How a SPAC works
SPACs are formed by sponsors with specialized financial capabilities — usually institutional investors or private equity firms. The sponsor handles the groundwork necessary for the SPAC’s IPO. In some cases, the sponsor also secures additional funding, such as private investment in public equity (PIPE) commitments or debt financing.
The SPAC can’t identify potential targets for acquisition prior to its IPO, but it can specify an industry or geographic area of interest.
Once the SPAC completes its IPO, it can begin reaching out to potential merger candidates. SPACs typically target companies that are two to three times their size to mitigate the dilutive impact of the equity structure.
When an agreement is reached and is approved by shareholders, the transaction closes and the SPAC is considered closed. The target company survives as the publicly listed entity.
Why SPACs are rising in popularity
The benefits for the acquired firm are clear: an expedited public market listing, completed in just the few months necessary to finalize the merger rather than two-plus years of effort. The process is far less disruptive and labor-intensive than a traditional IPO. And the company gains significant capital — including the proceeds from the SPAC’s IPO and other secured funding — to support operational growth, expand supply chains, seek acquisitions and more.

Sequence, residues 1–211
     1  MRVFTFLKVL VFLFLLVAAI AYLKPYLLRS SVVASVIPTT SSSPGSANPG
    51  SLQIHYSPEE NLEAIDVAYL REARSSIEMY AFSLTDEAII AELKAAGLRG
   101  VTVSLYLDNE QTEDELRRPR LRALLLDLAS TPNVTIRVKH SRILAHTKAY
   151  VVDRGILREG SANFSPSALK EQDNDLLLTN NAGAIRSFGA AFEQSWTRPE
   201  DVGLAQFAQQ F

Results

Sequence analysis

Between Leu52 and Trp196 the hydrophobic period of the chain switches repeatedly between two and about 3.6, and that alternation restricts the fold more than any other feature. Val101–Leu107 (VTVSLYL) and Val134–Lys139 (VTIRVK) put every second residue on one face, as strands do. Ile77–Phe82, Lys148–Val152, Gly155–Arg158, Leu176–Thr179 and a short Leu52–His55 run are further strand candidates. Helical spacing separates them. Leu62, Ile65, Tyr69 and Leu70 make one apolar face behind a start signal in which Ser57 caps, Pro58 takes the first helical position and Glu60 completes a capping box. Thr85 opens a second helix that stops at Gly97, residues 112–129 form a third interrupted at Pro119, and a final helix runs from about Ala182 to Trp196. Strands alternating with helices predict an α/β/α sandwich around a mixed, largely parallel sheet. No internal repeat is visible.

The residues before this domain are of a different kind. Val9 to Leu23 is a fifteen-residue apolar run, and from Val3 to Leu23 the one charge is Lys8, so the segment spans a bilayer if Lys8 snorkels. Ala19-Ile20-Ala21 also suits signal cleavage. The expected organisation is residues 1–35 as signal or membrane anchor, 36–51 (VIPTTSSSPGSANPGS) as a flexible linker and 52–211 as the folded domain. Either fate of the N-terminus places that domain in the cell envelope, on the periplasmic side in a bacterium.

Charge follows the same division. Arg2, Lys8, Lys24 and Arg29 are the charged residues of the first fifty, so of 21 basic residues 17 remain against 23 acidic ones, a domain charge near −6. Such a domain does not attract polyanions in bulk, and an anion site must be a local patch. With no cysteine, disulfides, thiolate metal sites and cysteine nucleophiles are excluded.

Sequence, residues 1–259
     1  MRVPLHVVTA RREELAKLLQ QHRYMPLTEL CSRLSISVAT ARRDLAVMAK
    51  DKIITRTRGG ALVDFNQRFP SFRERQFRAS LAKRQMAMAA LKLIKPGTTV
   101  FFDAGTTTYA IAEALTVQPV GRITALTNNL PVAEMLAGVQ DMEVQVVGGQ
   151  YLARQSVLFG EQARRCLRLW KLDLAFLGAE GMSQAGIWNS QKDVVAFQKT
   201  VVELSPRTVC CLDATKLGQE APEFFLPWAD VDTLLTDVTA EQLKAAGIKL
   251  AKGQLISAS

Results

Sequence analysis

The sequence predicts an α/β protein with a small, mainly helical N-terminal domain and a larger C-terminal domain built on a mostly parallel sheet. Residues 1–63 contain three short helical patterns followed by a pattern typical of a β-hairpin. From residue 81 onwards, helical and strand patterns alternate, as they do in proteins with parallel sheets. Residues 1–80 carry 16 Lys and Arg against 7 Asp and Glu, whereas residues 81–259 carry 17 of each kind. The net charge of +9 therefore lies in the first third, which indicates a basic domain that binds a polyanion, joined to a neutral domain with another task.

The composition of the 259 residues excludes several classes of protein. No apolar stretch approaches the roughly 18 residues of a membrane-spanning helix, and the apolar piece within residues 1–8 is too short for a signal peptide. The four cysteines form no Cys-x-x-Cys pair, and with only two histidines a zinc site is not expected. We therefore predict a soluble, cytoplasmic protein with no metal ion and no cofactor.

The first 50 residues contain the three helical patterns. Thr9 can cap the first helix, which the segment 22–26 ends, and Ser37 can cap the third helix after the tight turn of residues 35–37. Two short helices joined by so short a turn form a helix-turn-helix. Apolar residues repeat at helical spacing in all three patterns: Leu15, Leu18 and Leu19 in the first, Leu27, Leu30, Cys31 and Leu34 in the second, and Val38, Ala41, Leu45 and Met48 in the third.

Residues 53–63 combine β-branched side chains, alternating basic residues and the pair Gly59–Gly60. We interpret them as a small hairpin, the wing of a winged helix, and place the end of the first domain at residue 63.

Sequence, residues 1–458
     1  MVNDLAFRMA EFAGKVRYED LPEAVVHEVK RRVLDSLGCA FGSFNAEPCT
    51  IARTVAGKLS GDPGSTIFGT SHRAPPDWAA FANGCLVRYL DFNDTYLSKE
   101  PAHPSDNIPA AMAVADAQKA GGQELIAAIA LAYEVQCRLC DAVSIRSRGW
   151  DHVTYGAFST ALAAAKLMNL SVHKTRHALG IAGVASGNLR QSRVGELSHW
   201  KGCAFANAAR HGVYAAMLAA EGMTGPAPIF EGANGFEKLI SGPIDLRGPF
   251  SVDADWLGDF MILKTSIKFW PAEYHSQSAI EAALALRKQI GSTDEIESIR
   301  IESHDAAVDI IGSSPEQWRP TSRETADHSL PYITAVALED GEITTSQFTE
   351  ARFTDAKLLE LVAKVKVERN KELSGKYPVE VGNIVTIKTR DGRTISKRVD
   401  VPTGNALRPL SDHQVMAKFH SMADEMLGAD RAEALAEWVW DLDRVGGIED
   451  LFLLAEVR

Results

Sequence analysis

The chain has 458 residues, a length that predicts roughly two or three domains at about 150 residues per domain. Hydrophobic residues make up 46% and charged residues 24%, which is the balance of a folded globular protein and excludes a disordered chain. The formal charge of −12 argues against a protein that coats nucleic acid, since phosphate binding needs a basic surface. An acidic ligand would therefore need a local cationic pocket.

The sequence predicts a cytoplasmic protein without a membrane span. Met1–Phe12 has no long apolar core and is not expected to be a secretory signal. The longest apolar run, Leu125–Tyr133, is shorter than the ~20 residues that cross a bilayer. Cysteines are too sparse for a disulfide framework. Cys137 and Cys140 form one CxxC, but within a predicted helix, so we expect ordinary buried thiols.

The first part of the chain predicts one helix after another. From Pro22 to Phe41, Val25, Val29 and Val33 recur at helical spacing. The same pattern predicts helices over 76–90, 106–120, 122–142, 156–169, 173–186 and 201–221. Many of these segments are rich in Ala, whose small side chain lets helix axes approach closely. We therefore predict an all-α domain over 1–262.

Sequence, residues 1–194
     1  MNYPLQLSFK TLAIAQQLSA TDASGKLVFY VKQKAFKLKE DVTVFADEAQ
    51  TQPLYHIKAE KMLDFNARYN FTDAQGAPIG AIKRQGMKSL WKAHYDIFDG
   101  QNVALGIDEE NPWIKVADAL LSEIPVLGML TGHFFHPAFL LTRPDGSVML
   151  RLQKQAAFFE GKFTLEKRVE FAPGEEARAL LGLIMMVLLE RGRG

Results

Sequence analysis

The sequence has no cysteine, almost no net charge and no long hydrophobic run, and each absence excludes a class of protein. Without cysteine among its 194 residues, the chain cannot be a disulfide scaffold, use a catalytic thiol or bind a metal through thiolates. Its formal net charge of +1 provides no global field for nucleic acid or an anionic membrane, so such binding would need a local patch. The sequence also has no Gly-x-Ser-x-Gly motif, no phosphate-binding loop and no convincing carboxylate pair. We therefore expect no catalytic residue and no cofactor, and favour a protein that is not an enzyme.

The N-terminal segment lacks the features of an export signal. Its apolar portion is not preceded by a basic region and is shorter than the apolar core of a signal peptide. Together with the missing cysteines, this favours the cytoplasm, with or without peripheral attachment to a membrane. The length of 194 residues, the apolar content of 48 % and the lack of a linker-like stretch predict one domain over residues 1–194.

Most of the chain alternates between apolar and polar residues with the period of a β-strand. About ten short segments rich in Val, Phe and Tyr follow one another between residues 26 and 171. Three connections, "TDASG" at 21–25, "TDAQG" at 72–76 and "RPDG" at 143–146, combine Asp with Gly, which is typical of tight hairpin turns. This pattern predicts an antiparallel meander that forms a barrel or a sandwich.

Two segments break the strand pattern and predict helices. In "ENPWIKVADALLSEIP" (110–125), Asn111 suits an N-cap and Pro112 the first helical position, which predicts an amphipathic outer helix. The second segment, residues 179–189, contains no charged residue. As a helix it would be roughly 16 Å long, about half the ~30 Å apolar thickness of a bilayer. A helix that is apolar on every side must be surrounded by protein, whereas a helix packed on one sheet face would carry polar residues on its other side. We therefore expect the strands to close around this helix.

In addition to capital gained through the merger with the SPAC, the target company can now access other forms of flexible capital, such as mezzanine debt, senior debt, convertible preferred shares and more.
Perhaps most importantly, SPAC deals also allow private company shareholders to retain a percentage of ownership, providing additional upside through growth.
In short, SPACs can be an effective tool for private companies — including pre-revenue and operational firms — to gain a public listing and access much-needed capital quickly and efficiently.